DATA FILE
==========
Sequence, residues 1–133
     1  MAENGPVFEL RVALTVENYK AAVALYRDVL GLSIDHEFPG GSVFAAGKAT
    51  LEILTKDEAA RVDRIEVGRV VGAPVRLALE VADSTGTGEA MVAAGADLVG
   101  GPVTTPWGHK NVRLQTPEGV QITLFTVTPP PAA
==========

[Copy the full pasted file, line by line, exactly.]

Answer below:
Sequence, residues 1–133
     1  MAENGPVFEL RVALTVENYK AAVALYRDVL GLSIDHEFPG GSVFAAGKAT
    51  LEILTKDEAA RVDRIEVGRV VGAPVRLALE VADSTGTGEA MVAAGADLVG
   101  GPVTTPWGHK NVRLQTPEGV QITLFTVTPP PAA